A World Grown Old: Finding a Place for Antedeluvians in the New World Order. (Perspectives)

By Seabrook, Jeremy | Harvard International Review, Spring 2003 | Go to article overview

A World Grown Old: Finding a Place for Antedeluvians in the New World Order. (Perspectives)


Seabrook, Jeremy, Harvard International Review


The results of the 2001 British census reveal that for the first time since the inaugural British census two centuries ago, the number of people over 60 now exceeds the number under 16. More than one million people are over 85--five times as many as there were 50 years ago. Many developed countries seem incapable of replenishing their own populations. A variety of potential causes have been advanced, ranging from the hedonistic temperament of the age to the high cost of having children. The US Department of Agriculture estimates that between US$121,000 and US$241,000 are required to raise a child, and a baby born today will require even greater expenditures. By the age of 17, these infants will have consumed between US$171,000 and US$340,000, leading some to view children as expensive luxuries.

The consequences for the developed world are alarming. If present trends continue, Germany's falling birth rate will leave half of the German population over 60 by 2050. The population would fall by between 16 and 23 million, from its present level of 82 million. Related concerns have been expressed about the future of Japan, Italy, and Spain. Similarly, Britain will have a modest 34 percent of its population over 60 by 2050, while the United States will have about 30 percent.

Immigration and Employment

The implications for medical, social welfare, and healthcare systems are grave. Some suggest that the retirement age will have to rise to 70 or even 72 in order to maintain current levels of health and social welfare benefits. To avoid this crisis, Europe will need at least an estimated 100 million immigrants in the next 25 years.

Such immigrants would come mainly from the countries in Africa, South Asia, and the Middle East. The Sussmuth Commission in Germany recently recommended radical changes in immigration policy; including allowing up to 50,000 foreign workers into the country, despite the fact that nine percent of the population is already born abroad. In contrast, the figure in the United States stands at about 11 percent. Britain, too, has recently begun a fast-track system of processing immigrants who possess skills that can satisfy the country's labor shortage. Immigrants with skills in information technology, medicine, tourism, and catering are especially in demand. Even unskilled laborers go through the fast-track system on their way to seasonal fruit- and vegetable-picking jobs.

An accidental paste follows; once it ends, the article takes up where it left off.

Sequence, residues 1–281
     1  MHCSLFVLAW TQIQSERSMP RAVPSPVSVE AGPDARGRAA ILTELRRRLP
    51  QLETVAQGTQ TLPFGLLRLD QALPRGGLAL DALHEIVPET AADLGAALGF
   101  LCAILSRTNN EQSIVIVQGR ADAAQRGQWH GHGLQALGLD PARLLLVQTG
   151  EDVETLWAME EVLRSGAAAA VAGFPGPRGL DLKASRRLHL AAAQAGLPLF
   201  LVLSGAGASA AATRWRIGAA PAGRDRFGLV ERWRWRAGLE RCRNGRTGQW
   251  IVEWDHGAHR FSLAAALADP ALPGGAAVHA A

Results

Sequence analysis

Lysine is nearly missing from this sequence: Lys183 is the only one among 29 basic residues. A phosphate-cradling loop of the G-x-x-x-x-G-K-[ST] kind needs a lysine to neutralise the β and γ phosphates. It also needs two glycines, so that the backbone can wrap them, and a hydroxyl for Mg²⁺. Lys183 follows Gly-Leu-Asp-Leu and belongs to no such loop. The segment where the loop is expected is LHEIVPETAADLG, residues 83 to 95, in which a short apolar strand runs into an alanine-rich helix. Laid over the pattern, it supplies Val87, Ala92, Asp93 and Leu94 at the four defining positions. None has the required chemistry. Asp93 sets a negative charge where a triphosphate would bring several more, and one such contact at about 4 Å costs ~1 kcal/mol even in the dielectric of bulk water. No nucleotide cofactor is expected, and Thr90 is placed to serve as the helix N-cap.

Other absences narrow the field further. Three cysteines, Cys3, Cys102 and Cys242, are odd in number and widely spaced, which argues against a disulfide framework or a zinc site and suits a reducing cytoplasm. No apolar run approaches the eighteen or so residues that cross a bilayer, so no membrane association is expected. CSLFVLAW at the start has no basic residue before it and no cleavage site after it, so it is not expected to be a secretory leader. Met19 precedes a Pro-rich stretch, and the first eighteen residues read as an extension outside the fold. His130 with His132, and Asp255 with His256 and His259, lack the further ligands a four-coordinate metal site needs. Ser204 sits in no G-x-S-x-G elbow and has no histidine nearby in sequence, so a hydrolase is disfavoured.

Concern over how immigrants will be absorbed by "graying" societies has caused commentators to neglect the draining effect on the countries that will provide the West's highly qualified immigrants. Indeed, all the rhetoric about the developing world assumes that the principal problem is population growth and control. It seems that ancient battles continue even when they have been overtaken by more urgent realities. Instead of fixating on the population explosion in developing countries, developed states should address more pressing questions concerning the demographic composition of that population, which, as it stabilizes, will create an imbalance in the age structure of the global population as a whole. China's one-child policy will produce 400 million people over 60 within a generation, while India expects its over 60 population to grow from 77 million today to 177 million within 20 years. The West grew rich before it grew old, but it seems that the South is destined to grow old first. What that implies f or its chances of growing rich later has yet to be explored.

Little thought has been given to how the growing age imbalance is to be addressed, especially in the developing world. It is scarcely to be expected that a society will make provisions for the day when almost half of its members will be of retirement age.

The Elderly Poor

The former head of the World Health Organization's (WHO) Aging and Life Course Program, Alexandre Kache, recently pointed out the inability of the developing world to accommodate the demographic shift toward a disproportionately large elderly class: "For the developing countries, pensions, in the sense of the developed world, are pie in the sky. …

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